Three public transportation agencies serve the D-FW region: Dallas Area Rapid Transit (DART), Denton County Transportation Authority (DCTA), and the Fort Worth Transportation Authority. Each provides rail and bus service, and they all work together to connect Dallas, Tarrant, and Denton counties. For more information visit:
Did you know that DART has an online ‘Travel Agent’ to get you to plenty of entertainment spots throughout Dallas? Visit the DART Travel Agent website to see where you can go.
If you haven’t thought about ridesharing, now is the time. The North Central Texas Council of Governments has set up a Web site to help residents find a carpool or vanpool. The program locates others who live or work near you who are also looking for a carpool partner. Visit www.TryParkingIt.com to sign up. Try Parking It will also help you track how much emissions you have saved by using carpooling, transit, and alternative commute options. Employers can encourage employees to register and track their commutes, and even offer rewards.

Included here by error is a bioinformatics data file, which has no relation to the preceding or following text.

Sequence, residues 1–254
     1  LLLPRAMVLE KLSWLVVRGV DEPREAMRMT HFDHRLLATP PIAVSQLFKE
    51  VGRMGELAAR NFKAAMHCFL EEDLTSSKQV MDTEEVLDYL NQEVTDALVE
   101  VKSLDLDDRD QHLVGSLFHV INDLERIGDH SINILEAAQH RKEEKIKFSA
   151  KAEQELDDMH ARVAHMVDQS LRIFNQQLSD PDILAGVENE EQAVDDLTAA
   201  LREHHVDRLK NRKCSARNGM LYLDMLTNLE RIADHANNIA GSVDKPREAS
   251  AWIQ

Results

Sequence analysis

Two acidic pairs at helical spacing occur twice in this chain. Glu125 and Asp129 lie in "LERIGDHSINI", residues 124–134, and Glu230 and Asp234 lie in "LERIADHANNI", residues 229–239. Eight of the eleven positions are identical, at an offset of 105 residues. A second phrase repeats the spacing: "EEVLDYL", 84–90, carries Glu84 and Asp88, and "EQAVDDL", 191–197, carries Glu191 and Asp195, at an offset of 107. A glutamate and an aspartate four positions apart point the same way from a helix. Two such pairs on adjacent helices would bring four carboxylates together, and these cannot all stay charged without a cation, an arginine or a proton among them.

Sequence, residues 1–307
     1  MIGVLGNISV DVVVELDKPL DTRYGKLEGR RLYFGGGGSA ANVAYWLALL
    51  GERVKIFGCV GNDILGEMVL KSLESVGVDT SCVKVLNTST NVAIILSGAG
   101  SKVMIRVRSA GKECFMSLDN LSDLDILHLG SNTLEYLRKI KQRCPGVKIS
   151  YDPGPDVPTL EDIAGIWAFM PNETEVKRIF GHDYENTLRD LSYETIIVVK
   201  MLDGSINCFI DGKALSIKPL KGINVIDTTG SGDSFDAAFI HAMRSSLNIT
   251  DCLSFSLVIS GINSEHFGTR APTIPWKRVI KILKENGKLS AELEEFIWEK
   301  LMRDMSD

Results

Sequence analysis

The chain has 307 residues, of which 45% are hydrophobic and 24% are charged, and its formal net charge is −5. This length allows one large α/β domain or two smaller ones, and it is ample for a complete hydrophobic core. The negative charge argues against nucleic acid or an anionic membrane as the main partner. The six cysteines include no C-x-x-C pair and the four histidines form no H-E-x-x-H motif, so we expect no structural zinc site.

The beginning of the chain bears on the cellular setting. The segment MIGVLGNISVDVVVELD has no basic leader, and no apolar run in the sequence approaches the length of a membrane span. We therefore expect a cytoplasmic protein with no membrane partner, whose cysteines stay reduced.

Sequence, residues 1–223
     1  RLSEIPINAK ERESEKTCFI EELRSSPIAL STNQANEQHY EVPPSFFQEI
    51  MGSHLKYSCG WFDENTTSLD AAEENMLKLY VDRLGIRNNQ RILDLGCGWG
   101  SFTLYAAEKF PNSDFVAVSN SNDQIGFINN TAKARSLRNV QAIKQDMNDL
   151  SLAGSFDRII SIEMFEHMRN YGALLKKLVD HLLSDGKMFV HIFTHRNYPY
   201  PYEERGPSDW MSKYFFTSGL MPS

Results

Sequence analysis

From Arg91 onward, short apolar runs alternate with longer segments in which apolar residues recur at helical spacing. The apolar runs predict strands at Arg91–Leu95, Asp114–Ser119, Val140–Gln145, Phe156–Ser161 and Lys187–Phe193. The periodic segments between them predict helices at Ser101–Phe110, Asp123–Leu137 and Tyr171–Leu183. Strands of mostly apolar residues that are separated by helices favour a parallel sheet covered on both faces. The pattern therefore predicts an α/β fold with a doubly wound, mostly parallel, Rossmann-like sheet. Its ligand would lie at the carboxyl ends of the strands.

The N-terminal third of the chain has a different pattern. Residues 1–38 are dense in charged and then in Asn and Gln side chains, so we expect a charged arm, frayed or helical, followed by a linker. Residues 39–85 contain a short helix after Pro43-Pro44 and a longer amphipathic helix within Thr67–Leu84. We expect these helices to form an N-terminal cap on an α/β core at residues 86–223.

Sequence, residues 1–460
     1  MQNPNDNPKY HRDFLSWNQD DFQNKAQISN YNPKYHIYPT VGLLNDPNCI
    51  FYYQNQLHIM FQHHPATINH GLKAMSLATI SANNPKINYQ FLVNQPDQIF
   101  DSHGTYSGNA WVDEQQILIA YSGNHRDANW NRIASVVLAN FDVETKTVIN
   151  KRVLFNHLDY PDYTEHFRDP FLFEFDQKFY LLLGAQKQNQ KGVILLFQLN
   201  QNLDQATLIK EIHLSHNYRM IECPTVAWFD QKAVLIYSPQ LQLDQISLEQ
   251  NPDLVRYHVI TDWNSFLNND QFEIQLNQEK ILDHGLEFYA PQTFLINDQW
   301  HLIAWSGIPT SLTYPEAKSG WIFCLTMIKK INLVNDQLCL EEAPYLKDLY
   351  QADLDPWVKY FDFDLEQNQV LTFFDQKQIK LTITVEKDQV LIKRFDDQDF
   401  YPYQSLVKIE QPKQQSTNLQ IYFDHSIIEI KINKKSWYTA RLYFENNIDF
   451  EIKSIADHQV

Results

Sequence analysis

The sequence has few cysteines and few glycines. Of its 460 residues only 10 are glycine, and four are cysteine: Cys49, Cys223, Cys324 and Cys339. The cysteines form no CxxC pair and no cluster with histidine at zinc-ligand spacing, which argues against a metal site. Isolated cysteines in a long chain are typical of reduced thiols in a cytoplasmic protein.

Your local transit agencies also have vanpool opportunities. Some are organized through employers; others may be organized by individuals:
The North Texas Green & Go Clean Taxi Partnership encourages the purchase and use of low-emitting, green taxi cabs and limousines, which release fewer pollutants into the air.
With remote access capabilities and video conferencing, people can now do their jobs without leaving home. Telecommuting lowers fuel consumption, reduces air pollution and eases traffic congestion.
Another great, low effort way to help reduce air pollution is to work a “flex schedule”. Flexible scheduling doesn’t completely eliminate commutes, but it is an alternative to commuting during typical rush hour traffic. Shifts can be staggered to begin before or after rush hour. Depending on the nature of your business, employees can begin work earlier or later in the day so that their commutes are outside of the rush hour window. This eases traffic congestion that contributes to air pollution.
Employees can also choose to work more hours during the day in order to eliminate one day of work each week, called a “compressed work schedule”. The City of Dallas encourages department managers to allow employees to work 9 or 10 hour days in exchange for one or two days off per pay period. This reduces the amount of vehicles on the road during rush hour. Although this only amounts to one or two days per pay period, when multiplied by hundreds or thousands of workers, it can make a difference. One or both of these options may be feasible at your place of employment.